Friday, 9 October 2009

Rouge



Finally the garden becomes more convinced that this is in fact October and Summer has past.

They've been a long time turning, but both the Virginia Creeper and the Sumac trees are starting to 'flush'. It all seems later this year. I know the reduction in daylight plays it part, but the unseasonably warm start to the month appears to have held things back a little.

It's been so mild in fact, that Karen and I sat outside with friends on the terrace until 1a.m. on Monday night, not usual at this time of year but hey, we profit from this kind weather known as a Spanish 'plume', an airmass with a long southerly track, it's origins in North Africa and which now bathes this corner of south west France.



This is the latest addition to the garden. Malus Evereste, a beautiful crab apple. The fruits look stunning and by all accounts the blossom is really something.



I've taken every effort to give it the best start possible, digging a hole twice the width of the tub and quite a bit deeper, shovelling in loads of compost and a good handfull or two of blood and bone which you can see pictured below

I'm so pleased with this tree, I wish it would reach maturity in say, a season but, patience is a virtue, right?



This rose shouldn't be here. It struggled for the first couple of years and I thought it was simply going to expire. Amazingly it's put on loads of healthy growth this year. I say amazing as I did my level best to neglect it. I planted it to replace an old rose that died in exactly the same spot. Little heed was taken about replant sickness and little ammendment was made to the soil at time of planting. To add insult to injury, I thought it was called 'Danse du Feu' but actually it's closer in appearance to 'Danse des Sylphes' though the bloom colour is a darker red.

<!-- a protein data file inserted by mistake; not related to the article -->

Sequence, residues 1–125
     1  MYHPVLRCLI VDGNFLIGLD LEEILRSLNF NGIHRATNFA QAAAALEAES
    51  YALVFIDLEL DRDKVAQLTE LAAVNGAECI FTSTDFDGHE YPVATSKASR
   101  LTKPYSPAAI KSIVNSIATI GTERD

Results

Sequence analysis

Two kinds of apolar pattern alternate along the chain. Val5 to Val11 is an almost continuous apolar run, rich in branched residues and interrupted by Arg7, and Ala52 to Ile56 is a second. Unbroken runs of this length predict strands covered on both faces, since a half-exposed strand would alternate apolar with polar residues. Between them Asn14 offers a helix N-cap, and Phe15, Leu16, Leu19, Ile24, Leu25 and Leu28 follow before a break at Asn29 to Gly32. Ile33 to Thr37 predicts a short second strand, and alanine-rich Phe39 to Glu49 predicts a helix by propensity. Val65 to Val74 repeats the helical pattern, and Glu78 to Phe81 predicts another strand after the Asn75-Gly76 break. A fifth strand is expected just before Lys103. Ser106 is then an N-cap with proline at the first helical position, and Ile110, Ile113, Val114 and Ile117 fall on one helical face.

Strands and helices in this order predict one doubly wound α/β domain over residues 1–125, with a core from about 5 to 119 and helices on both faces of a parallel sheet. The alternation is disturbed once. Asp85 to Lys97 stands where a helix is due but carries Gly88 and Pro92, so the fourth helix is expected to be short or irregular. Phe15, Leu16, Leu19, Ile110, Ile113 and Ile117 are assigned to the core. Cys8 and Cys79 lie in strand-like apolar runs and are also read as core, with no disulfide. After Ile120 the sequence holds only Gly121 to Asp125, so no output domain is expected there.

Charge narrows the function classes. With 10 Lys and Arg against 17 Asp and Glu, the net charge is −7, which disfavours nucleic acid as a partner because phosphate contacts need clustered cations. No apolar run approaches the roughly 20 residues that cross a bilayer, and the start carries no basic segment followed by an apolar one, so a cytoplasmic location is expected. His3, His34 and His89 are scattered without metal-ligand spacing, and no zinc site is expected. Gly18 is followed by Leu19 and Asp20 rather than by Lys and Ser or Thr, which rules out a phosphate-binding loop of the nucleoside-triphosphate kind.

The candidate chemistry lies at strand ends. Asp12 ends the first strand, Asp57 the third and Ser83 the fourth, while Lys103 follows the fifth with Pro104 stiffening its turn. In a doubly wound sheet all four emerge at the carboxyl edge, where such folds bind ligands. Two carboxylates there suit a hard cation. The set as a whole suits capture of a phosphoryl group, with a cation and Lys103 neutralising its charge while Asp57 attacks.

Finally, the rougest of the rouge, dahlia 'bishop of llandaff' which has bloomed better in a pot than it ever did in the ground.


32 comments:

  1. That first picture of the Virginia creeper wall and the sumac is awesome! It reminds of of sentinels guard a castle.

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  2. Oh how I love seeing the scenery around your spot of heaven, Rob! It all looks grand, love the color on the rose against the wall and the Bishop is magnifique! Is that a word? We have seed grown Bishop's Children that have been the best this year far and away. Can I move in with you and Karen? :-)

    Frances